Back in January 2015, Alexa Scimeca Knierim and her then-fiance, Christopher, won the national title. Then, in December, they competed at the Grand Prix Final, the first United States pair to do so in eight years. After that, however, skating fell below several health priorities. The night before her wedding, she was up vomiting for most of it.

The episodes

Alexa suffered episodes of vomiting that lasted more than 12 hours at a time. The road to recovery was not without pain. Scimeca Knierim suffered from the episodes for almost a year. Her doctors informed her that, had they not found a strategy for treatment, she might have died.

The treatment required two abdominal surgeries as well as a third one to repair some damage.

Their coach, Dalilah Sappenfield, sat through all of the doctor’s appointments, practice sessions, and difficult moments. Alexa’s mental stamina grew in the uncertainty of the process. She and Chris had great faith and spiritual strength to push through it.

In an interview with NBC reporter Nick Zaccardi, Alexa said, “The pain was so severe and significant that sleeping was out of the question. I couldn’t fall asleep because the pain would just wake me up. Any time I would have pain, I couldn’t consume anything. Not water or food. I was becoming malnourished and sleep-deprived and weak.”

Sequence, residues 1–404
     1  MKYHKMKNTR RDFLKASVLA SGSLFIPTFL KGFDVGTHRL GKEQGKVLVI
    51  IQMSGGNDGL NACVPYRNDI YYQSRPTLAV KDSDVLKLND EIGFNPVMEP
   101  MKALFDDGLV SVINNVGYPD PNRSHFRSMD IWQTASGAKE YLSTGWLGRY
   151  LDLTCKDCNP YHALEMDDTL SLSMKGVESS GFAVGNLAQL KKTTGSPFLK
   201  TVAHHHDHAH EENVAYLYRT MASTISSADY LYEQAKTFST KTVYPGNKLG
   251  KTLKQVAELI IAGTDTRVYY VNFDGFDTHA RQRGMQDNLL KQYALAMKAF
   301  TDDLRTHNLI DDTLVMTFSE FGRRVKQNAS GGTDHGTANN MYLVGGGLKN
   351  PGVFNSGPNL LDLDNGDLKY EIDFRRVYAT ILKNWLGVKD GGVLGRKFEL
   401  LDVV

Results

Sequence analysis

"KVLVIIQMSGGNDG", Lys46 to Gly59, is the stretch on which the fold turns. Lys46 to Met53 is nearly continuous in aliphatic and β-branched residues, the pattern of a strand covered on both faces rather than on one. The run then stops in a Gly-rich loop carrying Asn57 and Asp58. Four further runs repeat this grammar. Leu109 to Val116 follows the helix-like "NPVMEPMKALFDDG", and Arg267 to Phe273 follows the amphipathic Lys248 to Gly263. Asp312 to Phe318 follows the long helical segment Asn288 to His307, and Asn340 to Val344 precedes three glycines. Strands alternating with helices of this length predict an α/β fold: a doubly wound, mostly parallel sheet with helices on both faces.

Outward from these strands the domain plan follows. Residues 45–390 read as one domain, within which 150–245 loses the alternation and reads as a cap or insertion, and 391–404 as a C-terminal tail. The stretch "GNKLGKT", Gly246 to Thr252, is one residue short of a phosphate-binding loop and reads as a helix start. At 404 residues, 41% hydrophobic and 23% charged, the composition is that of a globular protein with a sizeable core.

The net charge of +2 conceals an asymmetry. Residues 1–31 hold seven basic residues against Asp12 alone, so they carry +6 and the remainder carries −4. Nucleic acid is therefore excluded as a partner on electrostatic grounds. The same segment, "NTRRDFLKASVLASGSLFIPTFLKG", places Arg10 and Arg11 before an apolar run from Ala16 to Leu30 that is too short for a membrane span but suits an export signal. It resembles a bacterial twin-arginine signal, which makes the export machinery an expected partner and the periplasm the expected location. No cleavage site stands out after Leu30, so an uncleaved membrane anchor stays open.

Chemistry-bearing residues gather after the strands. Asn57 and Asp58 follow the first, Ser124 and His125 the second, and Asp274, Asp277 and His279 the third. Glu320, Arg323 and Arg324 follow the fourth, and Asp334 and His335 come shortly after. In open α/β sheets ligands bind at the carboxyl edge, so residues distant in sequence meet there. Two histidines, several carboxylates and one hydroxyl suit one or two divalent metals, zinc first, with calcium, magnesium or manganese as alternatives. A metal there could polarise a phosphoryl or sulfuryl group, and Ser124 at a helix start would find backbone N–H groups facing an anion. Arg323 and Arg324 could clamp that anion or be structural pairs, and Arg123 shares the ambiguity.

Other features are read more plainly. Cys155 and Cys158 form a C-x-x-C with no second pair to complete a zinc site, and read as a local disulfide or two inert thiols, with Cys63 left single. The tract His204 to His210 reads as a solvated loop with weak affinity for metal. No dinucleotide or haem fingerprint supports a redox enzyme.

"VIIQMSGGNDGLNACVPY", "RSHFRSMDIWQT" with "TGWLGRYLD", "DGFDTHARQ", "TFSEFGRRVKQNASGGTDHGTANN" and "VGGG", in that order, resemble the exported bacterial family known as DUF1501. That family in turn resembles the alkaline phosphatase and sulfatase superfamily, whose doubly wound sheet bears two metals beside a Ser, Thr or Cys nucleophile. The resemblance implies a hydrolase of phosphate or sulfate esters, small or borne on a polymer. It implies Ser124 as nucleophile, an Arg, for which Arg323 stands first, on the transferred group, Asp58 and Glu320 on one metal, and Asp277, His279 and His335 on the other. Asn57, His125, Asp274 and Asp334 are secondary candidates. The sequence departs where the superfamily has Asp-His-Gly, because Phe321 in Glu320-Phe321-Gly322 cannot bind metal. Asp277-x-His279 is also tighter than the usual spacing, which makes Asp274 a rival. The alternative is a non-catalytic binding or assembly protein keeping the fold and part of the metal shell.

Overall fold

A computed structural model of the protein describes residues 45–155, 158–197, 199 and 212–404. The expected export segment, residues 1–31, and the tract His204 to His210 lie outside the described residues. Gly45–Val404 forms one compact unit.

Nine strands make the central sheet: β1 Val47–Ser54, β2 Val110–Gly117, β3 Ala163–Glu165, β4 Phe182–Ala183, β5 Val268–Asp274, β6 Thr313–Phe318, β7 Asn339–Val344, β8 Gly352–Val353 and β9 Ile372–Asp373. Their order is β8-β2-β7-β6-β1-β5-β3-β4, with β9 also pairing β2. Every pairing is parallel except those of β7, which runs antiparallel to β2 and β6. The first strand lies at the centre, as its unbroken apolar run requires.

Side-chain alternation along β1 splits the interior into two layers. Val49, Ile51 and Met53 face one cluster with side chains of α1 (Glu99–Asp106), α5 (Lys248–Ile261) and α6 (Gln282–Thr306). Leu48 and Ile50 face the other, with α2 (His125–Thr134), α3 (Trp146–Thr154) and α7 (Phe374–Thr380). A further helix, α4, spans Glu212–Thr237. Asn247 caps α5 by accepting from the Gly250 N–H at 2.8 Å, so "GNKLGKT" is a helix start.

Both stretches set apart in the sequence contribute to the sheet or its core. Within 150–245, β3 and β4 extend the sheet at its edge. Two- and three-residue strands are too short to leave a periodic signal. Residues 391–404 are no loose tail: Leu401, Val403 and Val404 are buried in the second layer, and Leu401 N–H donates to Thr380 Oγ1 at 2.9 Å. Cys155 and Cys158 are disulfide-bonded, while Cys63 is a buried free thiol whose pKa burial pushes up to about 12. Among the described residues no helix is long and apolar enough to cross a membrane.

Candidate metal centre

In the seven months of intense pain she suffered, many came to show their support, including both of their parents and many other skaters.

She lost approximately 20 pounds during her battle, reducing her to 80 pounds before recovery.

Early in 2017, they returned at the Four Continents Championships at the 2018 Olympic venue in South Korea in an attempt to petition for a spot in the Olympics after missing other qualifying competitions. They were successful, tallying the second highest score by a United States pair in the international competition.

Here and now

On Thursday, February 8, 2018, Alexa Scimeca Knierim and her husband, Christopher, entered the ice arena in PyeongChang. They’ve done this more times than they can count, but this moment was a triumph before the music even began. The song, "Come What May," from "Moulin Rouge," guided them across the ice cleanly and gracefully.

Earning a score of 69.75, they came in fourth, beaten by the 80.92 score achived by Evgenia Tarasova and Vladimir Morozov, the Olympic athletes from Russia.

Alexa’s physical therapist says that she has the potential to do well despite her setbacks. Alexa says she feels 100 percent and their performances in the first days of the competition prove that. The United States is incredibly proud of the work they've done.